If your dog has a significant heartworm burden, they are at risk of caval syndrome. The blood flow through the blood vessels is blocked with this condition.

Signs associated with it include:

  • Respiratory distress
  • Anemia
  • Liver and kidney damage
  • Collapse

Treating Heartworms

In most cases, dogs should be treated for heartworms. The exception is dogs with such severe end-stage disease that treating the heartworms would likely be deadly. (In these cases, the dogs usually only have a short time left, so the goal is to maximize their comfort.)

The American Heartworm Society has guidelines for treating heartworm disease in dogs1. The most important thing when your dog has heartworms treated is to restrict its activity. As the worms die off during treatment, they decompose and break up. The fragments of the worms travel to blood vessels in the lungs, where they can act as an embolism. Typically, they are just resorbed, but the process can take several weeks to months.

When your dog is diagnosed with heartworms via a blood test, your veterinarian will generally confirm the test and recommend screening tests to check for underlying organ changes, including baseline blood work and chest radiographs (X-rays).

The most common course of treatment starts with a 28-day course of antibiotics called doxycycline. The dog is treated for a month after treatment. They then receive an injection of melarsomine. They wait another month and receive two injections of melarsomine 24 hours apart.

When your dog gets the melarsomine injections, they will be on a steroid, prednisone, to decrease inflammation. The injections are often painful, so your veterinarian may recommend pain medication and sedatives.

Heartworms are largely preventable in dogs. There are several forms prevention takes:

  • Oral monthly tablets, such as Interceptor and Simparica Trio
  • Proheart injections are given every 6 or 12 months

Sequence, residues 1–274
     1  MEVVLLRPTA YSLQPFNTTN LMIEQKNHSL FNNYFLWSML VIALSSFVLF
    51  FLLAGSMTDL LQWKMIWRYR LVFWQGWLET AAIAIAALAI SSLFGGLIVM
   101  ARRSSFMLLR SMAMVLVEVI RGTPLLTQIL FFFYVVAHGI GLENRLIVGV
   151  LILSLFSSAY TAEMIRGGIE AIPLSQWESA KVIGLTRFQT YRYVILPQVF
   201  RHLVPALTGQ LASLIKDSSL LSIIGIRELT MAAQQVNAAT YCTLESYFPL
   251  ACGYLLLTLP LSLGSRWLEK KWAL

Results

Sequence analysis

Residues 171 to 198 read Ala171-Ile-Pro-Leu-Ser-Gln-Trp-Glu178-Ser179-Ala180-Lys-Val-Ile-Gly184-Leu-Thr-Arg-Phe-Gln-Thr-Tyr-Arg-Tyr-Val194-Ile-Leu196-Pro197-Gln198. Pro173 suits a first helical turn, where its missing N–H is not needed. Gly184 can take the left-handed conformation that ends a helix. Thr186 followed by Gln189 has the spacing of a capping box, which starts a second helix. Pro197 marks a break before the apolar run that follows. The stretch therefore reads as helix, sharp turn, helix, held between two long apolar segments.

• Topical products like Advantage Multi

Your dog needs to receive these medications on a regular schedule. If you are late, your dog could be infected even by a day. Your veterinarian can help determine which is the best option for your family. Remember that many topical preventions are only flea-prevention products, not heartworm prevention, so you’ll want to ensure your dog is covered for both.

vet checking up on a dog at the clinic
Image Credit: SeventyFour, Shutterstock

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Frequently Asked Questions (FAQ)

Does heartworm disease affect a dog’s lifespan?

Heartworms can drastically decrease your dog’s life expectancy. They can cause heart and lung damage, as well as issues with other organs, such as the liver and kidneys.

Is heartworm damage reversible in dogs?

Many of the changes to your dog’s body caused by heartworms are not reversible and can cause lasting damage. Blood vessels and heart enlargement will not change even if the heartworms are gone. Medications like steroids can decrease inflammation, but not necessarily all the arteritis.

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Conclusion

Heartworms are found throughout the United States and cause significant damage to our canine family members. Prevention is essential to prevent lasting damage and prevent chronic changes from occurring.


Featured Image Credit: SeventyFour, Shutterstock